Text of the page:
Discussion

• Criterion of equity involves a different equating transformation for each ability level

• Traditional equating uses “one-size fits all” transformation, which compromises betweenthe transformations for ability levels. As a result, the equating is always (i) biased and(ii) population dependent 22

Discussion Cont’d

• Lord’s theorem on the impossibility or unnecessity of observed-score equating wastoo pessimistic because it assumed the use of a single equating transformation for a population of test takers 23

Equipercentile Method

0.0

0.5

1.0

0 5 10 15 20 25 30 35 40

Test Y

Test X

Test Score

Cum

ulat

ive

Pro

babi

lity

F (x)

G(y)

1( ( ))x F G y

p 24

Thought Experiment

y

pTest Y 25

Thought Experiment Cont’d

y

x

p

p

Test Y

Test X 26

Thought Experiment Cont’d

y

x

yx=

φ(y

)

p

p

p

Test Y

Test X

Transformation Y → X 27

Thought Experiment Cont’d

y

x

yx=

φ(y

)

p

p

p

qTest Y

Test X

Transformation Y → X 28

Thought Experiment Cont’d

y

x

yx=

φ(y

)

pq

p

p

Test Y

Test X

Transformation Y → X

q 29

Thought Experiment Cont’d

y

yx=

φ(y

)

pq

pq

qp

x

Test Y

Test X

Transformations Y → X 30

Thought Experiment Cont’d

Test Y (Population 1)

Test X (Population 2)

y

x

yx=

φ(y

)

Transformation Y → X 31

Thought Experiment Cont’d

y

x=φ

(y)

Transformation Y → X

y

x=φ

(y) qp

Transformations Y → X 32

Standard Error of Measurement

• Classical test theory involves one SEM for an entire population of test takers

• Stronger models condition on ability measured; e.g., IRT

'1E X XX

1/2

θ (θ)(1- (θ))i iEi

P P 33

True-Score Equating

• True-score equating is a degenerate case of local equating

( θ) ( θ), θE Y E X R 34

Different Equated Scores?

• Why should two test takers, p and q, with the same score of 23 out of 30 items correct on a new test form need different equated scores on the same old form?– Would this not even be unfair?– Fallible scores 35

Different Equated Scores? Cont’d

Observed-score distribution of p Observed-score distribution of q 36

Different Transformations?

• Example of measuring tape

• Number-correct scores are counts of responses, no fundamental measures

• Responses have person and item effects– Test equating requires “some type of control for

differential examinee ability”—von Davier, Holland & Thayer (2004, p. 2) 37

Different Transformations? Cont’d

• An effective way to disentangle item and person effects is through IRT modeling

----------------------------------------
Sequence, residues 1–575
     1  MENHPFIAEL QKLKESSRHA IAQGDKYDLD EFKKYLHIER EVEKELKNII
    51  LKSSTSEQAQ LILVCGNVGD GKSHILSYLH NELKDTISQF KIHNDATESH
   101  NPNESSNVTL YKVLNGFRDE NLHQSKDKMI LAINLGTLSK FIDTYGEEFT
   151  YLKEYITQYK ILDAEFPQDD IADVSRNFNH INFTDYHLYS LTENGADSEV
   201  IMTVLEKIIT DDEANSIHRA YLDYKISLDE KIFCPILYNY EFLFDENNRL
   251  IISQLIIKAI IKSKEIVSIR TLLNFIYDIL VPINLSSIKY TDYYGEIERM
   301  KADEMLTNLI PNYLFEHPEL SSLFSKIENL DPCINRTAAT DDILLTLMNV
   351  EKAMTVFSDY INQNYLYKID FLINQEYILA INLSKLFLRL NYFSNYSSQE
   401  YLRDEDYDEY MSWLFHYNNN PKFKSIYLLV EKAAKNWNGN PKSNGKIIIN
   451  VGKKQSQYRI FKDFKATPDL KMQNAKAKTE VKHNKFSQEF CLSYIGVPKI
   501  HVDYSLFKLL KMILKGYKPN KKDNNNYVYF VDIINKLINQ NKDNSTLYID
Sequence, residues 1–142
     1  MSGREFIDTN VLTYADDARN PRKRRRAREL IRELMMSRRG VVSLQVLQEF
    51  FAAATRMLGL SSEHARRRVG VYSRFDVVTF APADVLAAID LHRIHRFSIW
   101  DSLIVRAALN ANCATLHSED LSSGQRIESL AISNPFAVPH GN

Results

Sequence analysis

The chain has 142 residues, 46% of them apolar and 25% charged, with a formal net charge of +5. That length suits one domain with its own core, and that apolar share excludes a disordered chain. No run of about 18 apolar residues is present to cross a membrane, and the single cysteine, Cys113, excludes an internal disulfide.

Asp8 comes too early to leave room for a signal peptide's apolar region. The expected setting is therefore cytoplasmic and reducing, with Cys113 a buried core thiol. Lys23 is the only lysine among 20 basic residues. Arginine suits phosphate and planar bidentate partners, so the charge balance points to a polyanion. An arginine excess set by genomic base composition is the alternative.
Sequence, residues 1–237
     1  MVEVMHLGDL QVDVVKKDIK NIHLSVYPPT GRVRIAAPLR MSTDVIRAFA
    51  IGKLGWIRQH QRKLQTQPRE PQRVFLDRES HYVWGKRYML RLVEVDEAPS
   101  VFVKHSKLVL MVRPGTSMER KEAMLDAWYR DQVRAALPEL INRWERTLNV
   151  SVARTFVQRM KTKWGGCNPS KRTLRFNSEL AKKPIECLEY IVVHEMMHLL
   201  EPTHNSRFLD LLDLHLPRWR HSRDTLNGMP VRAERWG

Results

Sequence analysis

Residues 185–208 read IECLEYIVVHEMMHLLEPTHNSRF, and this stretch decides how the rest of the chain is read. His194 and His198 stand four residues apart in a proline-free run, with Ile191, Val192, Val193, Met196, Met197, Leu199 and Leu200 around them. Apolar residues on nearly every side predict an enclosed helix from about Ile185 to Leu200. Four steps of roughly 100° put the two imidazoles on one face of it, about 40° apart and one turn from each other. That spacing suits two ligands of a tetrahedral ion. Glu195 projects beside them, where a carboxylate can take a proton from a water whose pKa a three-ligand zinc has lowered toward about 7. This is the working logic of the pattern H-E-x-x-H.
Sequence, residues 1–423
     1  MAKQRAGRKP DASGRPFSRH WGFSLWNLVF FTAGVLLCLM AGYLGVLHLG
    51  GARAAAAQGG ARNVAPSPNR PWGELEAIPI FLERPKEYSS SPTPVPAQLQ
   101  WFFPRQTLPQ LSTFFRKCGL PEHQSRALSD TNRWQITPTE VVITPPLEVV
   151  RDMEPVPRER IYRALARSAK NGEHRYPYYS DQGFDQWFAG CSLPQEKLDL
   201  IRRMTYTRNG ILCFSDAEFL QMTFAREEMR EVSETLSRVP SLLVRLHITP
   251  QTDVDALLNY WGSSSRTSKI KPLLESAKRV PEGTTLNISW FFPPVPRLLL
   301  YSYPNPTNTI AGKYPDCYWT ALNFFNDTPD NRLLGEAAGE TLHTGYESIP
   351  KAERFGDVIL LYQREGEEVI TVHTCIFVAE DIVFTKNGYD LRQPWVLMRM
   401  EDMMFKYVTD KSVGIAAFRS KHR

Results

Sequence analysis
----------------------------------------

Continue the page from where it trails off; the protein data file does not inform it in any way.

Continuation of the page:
• Observed-score equating is an attempt to do the same through a transformation of total scores– Only possible way is (i) to first condition on the

abilities and (ii) then transform the score to adjust for the item effects 38

Estimating Ability

• Assumption: fitting response model

• Calculate family of true equating transformations (Lord-Wingersky’s recursive procedure)

• Use member of family at point estimate of θ

• Bias study for 40-item subtests of LSAT 39

Bias Study

-6

-4

-2

0

2

4

6

0 10 20 30 40e

-6

-4

-2

0

2

4

6

0 10 20 30 40

Bia

s

Bia

s

Traditional Equating Local Equating at θ 40

Family of True Transformationsfor LSAT Subtest

0

5

10

15

20

25

0 5 10 15 20 25

=-2.0x

y

=2.0 41

Anchor Score as Proxy

• Current methods– Chain equating– Poststratification equating– Linear equating methods: Tucker, Levine,

Braun-Holland, linear chain equating

• Use conditional distributions of X and Y given anchor score A=a

1( ( )) X a Y ax F F y a A 42

Anchor Score as Proxy Cont’d

• Empirical bias study for same LSAT subtests 43

Bias Study—Anchor-Test Design

-8-6-4-202468

0 10 20 30 40

Chain Equating

-8-6-4-202468

0 10 20 30 40

Poststratification Equating

-8-6-4-202468

0 10 20 30 40

Local Equating 44

Y=y as Proxy of Ability

• Single-group design– Estimate distributions of X given Y=y directly

from bivariate distribution of X and Y– Model-based estimate of Y given y 45

Y=y as Proxy of Ability

• Linear local equating

• Because μY|y=y (classical test theory),

( ) ( ), 0,1,..., .X y

X y Y yY y

x y y y n

( ) , 0,1,..., .X yx y y n 46

Collateral Information

• Any variables correlating substantiallywith θ– Earlier tests – Battery of subtests– Response times

• Alternative sources give different equatings; just find the “next best thing”